Effectively Asking For A Raise: Do's And Don'ts

Asking for a raise can be a daunting task, akin to asking your crush to prom (we all remember the butterflies and the shaky hands, right?). But just like asking your crush to prom, sometimes you just gotta go for it, otherwise, you'll be stuck with a subpar corsage and a subpar salary.

While often nerve-wracking, it's an important step in ensuring that you are being compensated fairly for your hard work. However, the way you ask for a raise can make all the difference in whether or not you are successful.

Fear not, we’re here to help.

We'll go over some common mistakes people make when asking for a raise, as well as tips for how to ask for a raise in a way that increases your chances of success.

First, let’s talk about the mistakes to avoid when asking for a raise.

1. Asking for a raise without any evidence of your value to the company.

Your employer will want to know that you are an asset to the company and that your contributions justify a raise. Make sure to come prepared with examples of your accomplishments and how they have benefited the company.

2. Being vague or unclear about the amount you are requesting.

Have a specific number in mind when you ask for a raise, and be able to explain why you believe that amount is fair. Being vague or asking for a "raise" without specifying an amount can make it seem like you haven't thought through your request.

3. Being confrontational or demanding

It's important to approach the conversation about a raise in a professional and respectful manner. Avoid being confrontational or making demands – the goal is to work with your employer, not corner them.

All in all, it’s important to remember that, chances are, if you’re asking for a raise, you want to stay at the company. If that’s the case, you want to make sure you’re not damaging the relationship you have with your employer in the process.

Ok now let’s get to the meat and potatoes.

Our top tips for what to do when considering asking for a raise.

1. Collect information from day one

A major factor in asking for a raise is highlighting the value you bring to the company. While we’re sure your employer trusts and values your contributions, it’s still important to present specific examples of your achievements and how they’ve positively impacted the company. This way, you’ll be able to make a strong and clear case for why you deserve a raise.

Our tip? Don’t wait until you’re wanting a raise to start collecting this. Consider making a folder on your computer and archiving different things that you feel highlight your hard work and the value you bring to the team. Whether it’s an email a client sent you thanking you for going above and beyond, or statistics from a campaign you ran – it’ll make it all the easier to show your impact.

2. Self-evaluate

This should be step one when you start to feel as though it’s time for a raise. It’s important to step back and look at where you are in your career, as well as where you want to get to. Are you overperforming for your salary? Are you sacrificing work goals for financial burdens? Are you bringing clear and definitive value to the team that deserves more than your current compensation?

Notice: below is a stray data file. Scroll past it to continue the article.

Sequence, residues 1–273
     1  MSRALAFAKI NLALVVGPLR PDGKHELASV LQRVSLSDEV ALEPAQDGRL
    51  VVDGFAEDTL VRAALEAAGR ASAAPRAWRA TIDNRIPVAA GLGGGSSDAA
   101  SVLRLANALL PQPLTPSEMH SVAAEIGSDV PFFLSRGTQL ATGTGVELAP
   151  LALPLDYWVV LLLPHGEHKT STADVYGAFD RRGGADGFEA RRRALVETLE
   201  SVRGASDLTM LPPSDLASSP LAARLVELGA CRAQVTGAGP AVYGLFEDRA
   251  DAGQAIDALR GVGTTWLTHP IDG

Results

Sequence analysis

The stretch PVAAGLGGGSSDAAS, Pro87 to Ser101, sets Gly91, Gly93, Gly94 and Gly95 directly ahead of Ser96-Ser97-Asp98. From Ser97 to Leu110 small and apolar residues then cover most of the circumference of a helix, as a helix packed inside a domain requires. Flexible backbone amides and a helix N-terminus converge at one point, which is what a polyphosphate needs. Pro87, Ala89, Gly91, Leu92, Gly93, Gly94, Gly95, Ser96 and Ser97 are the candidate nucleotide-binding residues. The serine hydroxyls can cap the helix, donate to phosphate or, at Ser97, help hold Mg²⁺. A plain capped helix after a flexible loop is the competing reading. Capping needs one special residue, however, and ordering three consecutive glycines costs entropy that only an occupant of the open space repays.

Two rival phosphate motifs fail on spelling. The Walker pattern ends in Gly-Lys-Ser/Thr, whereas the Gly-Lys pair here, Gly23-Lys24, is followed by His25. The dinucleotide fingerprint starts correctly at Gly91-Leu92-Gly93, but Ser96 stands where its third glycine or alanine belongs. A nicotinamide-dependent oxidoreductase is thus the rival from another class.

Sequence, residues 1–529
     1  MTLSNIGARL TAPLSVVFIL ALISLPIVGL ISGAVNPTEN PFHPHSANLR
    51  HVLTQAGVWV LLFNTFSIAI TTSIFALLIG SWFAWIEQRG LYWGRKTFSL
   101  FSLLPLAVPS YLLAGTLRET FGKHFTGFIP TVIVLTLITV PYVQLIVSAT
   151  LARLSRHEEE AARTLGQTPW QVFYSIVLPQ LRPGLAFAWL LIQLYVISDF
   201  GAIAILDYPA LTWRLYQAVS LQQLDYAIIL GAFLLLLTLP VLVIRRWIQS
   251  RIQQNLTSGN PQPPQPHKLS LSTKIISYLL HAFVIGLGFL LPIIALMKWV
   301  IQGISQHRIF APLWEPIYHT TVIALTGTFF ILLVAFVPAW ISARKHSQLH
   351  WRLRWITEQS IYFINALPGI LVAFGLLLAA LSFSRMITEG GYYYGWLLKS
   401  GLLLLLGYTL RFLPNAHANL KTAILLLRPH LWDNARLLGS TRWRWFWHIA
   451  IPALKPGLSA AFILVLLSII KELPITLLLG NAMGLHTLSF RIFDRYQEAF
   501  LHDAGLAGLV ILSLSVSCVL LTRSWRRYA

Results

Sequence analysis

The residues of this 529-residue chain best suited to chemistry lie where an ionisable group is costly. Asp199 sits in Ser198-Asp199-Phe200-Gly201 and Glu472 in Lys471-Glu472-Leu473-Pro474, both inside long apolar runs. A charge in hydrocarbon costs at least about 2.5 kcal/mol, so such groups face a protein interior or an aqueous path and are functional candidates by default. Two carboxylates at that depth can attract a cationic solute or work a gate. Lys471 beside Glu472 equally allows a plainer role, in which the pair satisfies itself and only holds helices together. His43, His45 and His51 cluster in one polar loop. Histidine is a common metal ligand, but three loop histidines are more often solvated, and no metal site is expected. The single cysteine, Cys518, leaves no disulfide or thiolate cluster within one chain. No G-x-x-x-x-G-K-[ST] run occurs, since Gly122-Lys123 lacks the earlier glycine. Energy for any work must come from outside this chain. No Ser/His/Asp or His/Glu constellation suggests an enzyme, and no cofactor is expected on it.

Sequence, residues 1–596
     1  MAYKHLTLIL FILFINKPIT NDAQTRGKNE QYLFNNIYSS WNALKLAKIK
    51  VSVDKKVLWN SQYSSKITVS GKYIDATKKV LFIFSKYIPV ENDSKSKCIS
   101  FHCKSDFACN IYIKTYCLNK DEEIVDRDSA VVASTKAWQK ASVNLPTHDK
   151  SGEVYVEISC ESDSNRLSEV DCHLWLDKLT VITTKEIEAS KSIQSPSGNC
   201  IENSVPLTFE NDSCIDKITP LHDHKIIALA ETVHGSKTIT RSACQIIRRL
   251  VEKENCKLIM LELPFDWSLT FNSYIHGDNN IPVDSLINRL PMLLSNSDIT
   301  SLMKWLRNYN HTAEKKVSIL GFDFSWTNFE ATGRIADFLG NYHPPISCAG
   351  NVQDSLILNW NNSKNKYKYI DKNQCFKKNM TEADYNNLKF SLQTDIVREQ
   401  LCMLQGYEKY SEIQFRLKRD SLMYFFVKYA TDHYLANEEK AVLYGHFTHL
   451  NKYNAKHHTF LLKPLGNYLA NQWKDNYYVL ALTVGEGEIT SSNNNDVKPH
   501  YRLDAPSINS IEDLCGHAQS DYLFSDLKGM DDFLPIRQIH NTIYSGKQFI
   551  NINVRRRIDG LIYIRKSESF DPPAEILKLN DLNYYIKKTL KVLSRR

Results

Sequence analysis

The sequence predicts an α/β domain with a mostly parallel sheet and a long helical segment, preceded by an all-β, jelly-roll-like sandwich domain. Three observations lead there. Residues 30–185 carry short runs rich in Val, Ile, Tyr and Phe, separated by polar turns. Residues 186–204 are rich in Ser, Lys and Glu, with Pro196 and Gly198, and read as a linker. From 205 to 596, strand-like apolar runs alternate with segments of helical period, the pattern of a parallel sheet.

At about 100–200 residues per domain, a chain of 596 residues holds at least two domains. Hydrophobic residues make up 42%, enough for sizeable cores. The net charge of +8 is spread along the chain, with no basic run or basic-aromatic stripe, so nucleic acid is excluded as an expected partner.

These are all important questions not just in regards to the asking-for-a-raise conversation, but also as that conversation often coincides with a desire to take bigger leaps in your career. Reflect on your growth and where you’re going.

3. Know what you’re asking for

This one is huge in our books. Before asking for a raise, it’s important to know exactlly what you’re asking for. That can apply to multiple factors in your career.

One thing to nail down is whether are you asking for a raise and/or a change in your position. I.e. a promotion, title change, or leadership position? If so, it’s important to make sure that’s actually what you want. A raise doesn’t always require a change to your position, and a change to your position doesn’t always require a raise.

Second, how much are you asking for? A foolproof way to fail at the raise conversation is being vague or unclear about the amount you are asking for. Your employer of course wants to see you financially stable and successful, but they want to know that you have thought through your request and are confident in your value. Coming to the meeting without a solid number can make it seem like you haven’t given it much thought.

4. Communication

And finally, it’s all about communication. You’ll likely be speaking with a team lead or HR Representative in this conversation. It’s important to approach it in a professional and respectful manner. Your colleagues are people just like you, and they want to support you – but we can all agree it’s easier to support someone who is friendly, professional and courteous.

Come prepared for your meeting, know how you’d like to present your request, and go into it with a collaborative mentality rather than a demanding one.

Final thoughts

Asking for a raise is a normal aspect of any career journey, and it is important to remember that employers are well aware of this fact. In fact, they likely go through this process regularly with their other employees. This means that they are familiar with the process and are often more than willing to support their employees' needs and goals through a raise.

By avoiding common mistakes, approaching the conversation professionally, and being open to negotiation, you will be able to make a strong case for yourself and increase your chances of getting that salary increase that you’re looking for.

Looking to join a team that encourages career growth? We're hiring.


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    Want to peek into our daily work? Our coaches recount real world situations shared as learning opportunities to build soft skills. We share frameworks, podcasts and thinking tools for sr software developers.